From the coffee bars of Camden to the gin joints of Norfolk – across Britain, a revolution is brewing. And no, it’s not John McDonnell’s bitter socialist hooch. It’s a generation growing up with an entirely different view of the world – free thinking, optimistic and hungry for success.
The under-30 are the risk-takers, inventors and free-thinkers, with unprecedented freedom to start a business, broadcast their views to the world, or travel anywhere they like at the push of a button.
Far from the hat-wearing, big-state-loving Marxists often portrayed in the media, they are the most freedom-loving, enterprising generation ever. And through their businesses, campaigns, vlogs, they are changing attitudes and industries – in big and small ways – day in, day out.
That’s possible because we live in a society that has cherished and encouraged personal freedom, and put the individual before the state while making sure the least well-off always have a safety net.
But those ideas are more threatened than they ever have been. Not by some encroaching overseas menace – but by a UK party that wants to be in government.
Jeremy Corbyn and John McDonnell have made no secret of their desire to stamp out individualism and enterprise. They call businesses the “real enemy”. Their supporters hound dissenters and label them “traitors”. And they openly call for Government to take more control over the economy and our lives.
We can already see their controlling ways in councils across the country: anyone sensible abused until they’re booted out or quit, services like Airbnb and Uber banned, new schemes dreamt up for hiking tax.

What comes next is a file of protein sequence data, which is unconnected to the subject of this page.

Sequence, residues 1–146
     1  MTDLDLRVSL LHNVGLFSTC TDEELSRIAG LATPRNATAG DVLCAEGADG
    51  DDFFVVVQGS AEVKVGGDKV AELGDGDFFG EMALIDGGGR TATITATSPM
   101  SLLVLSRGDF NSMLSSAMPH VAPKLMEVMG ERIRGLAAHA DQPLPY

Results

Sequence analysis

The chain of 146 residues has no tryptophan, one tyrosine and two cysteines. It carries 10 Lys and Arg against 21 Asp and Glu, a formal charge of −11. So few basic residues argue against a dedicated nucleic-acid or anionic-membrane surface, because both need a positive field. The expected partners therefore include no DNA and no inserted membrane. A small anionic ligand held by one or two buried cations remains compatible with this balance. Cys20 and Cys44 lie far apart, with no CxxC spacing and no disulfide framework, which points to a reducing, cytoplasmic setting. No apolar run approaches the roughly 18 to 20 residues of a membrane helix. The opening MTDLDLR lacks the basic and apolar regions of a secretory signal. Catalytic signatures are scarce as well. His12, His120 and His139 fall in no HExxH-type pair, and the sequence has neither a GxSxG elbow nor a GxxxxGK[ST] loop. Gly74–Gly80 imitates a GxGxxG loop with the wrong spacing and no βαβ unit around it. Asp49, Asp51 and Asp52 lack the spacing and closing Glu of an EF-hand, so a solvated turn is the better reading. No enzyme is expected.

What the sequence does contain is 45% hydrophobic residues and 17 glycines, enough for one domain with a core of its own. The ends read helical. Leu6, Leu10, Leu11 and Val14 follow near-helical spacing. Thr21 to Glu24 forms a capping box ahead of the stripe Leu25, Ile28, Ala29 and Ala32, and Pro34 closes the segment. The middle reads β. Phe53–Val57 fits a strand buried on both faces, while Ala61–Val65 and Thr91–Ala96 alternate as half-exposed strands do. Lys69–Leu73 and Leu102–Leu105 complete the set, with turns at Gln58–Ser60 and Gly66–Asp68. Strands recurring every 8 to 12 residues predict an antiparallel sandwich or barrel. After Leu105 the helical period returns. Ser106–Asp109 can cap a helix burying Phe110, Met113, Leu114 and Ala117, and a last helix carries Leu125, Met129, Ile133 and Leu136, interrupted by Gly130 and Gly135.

This assault on freedom wouldn’t just damage the economy, it would erode the economic freedoms which give power to the people. The free market is fundamentally humane and democratic, driven by ideas and millions of individual choices about what to do with our money which defy those who benefit from the status quo.
If Labour took away that freedom to innovate and spend our money how we want, they would take away our power over the powerful. If John McDonnell nationalised whole industries, they would be quickly taken over by bureaucrats more concerned about their careers than about customers. Except this time, there will be no choice and nowhere to turn when things go wrong.
Imagine what it would be like living in such a country. Where you’re frowned upon for launching a business and making money, or branded a traitor for criticising the politicians who control an increasing share of our lives. I don’t think that’s a society any of us want – especially those just starting out. They are snapchatting, pop-up-shopping, online-trading freedom fighters. They don’t want po-faced, humourless socialists banning fun and controlling every part of our lives.
We are motivated by making money – and that’s a good thing. It’s the rich and established who benefit when people from ordinary backgrounds can’t make it big. So instead of frowning on success and promising endless handouts, we should give young people the freedom to succeed and channel their go-getting attitude to tackle the big issues we face.
Like in housing, where the answer is more market, not less. More land to build on and more small construction firms competing with established players will push down prices and make ownership a reality for millions.
The same goes for energy, where we need a shakeup which delivers more competition. And to turbocharge these changes, we need to unleash the energy, audacity and disruptive thinking of the next generation.
So I welcome The Telegraph’s Refresh campaign – which will engage young people and bring energy and urgency to developing radical, free market solutions to big challenges like housing and equality of opportunity.
And on the eve of the local elections, I urge everyone to pick up their flat whites, don their blue and fight for the values of freedom, individual endeavour and opportunity that got us where we are today – a freer and more prosperous society than we’ve ever been.
Because if we can double down on those values as we leave the EU, we can build a richer, more self-confident, lean-in Britain where everyone, regardless of background, has the opportunity to change the world.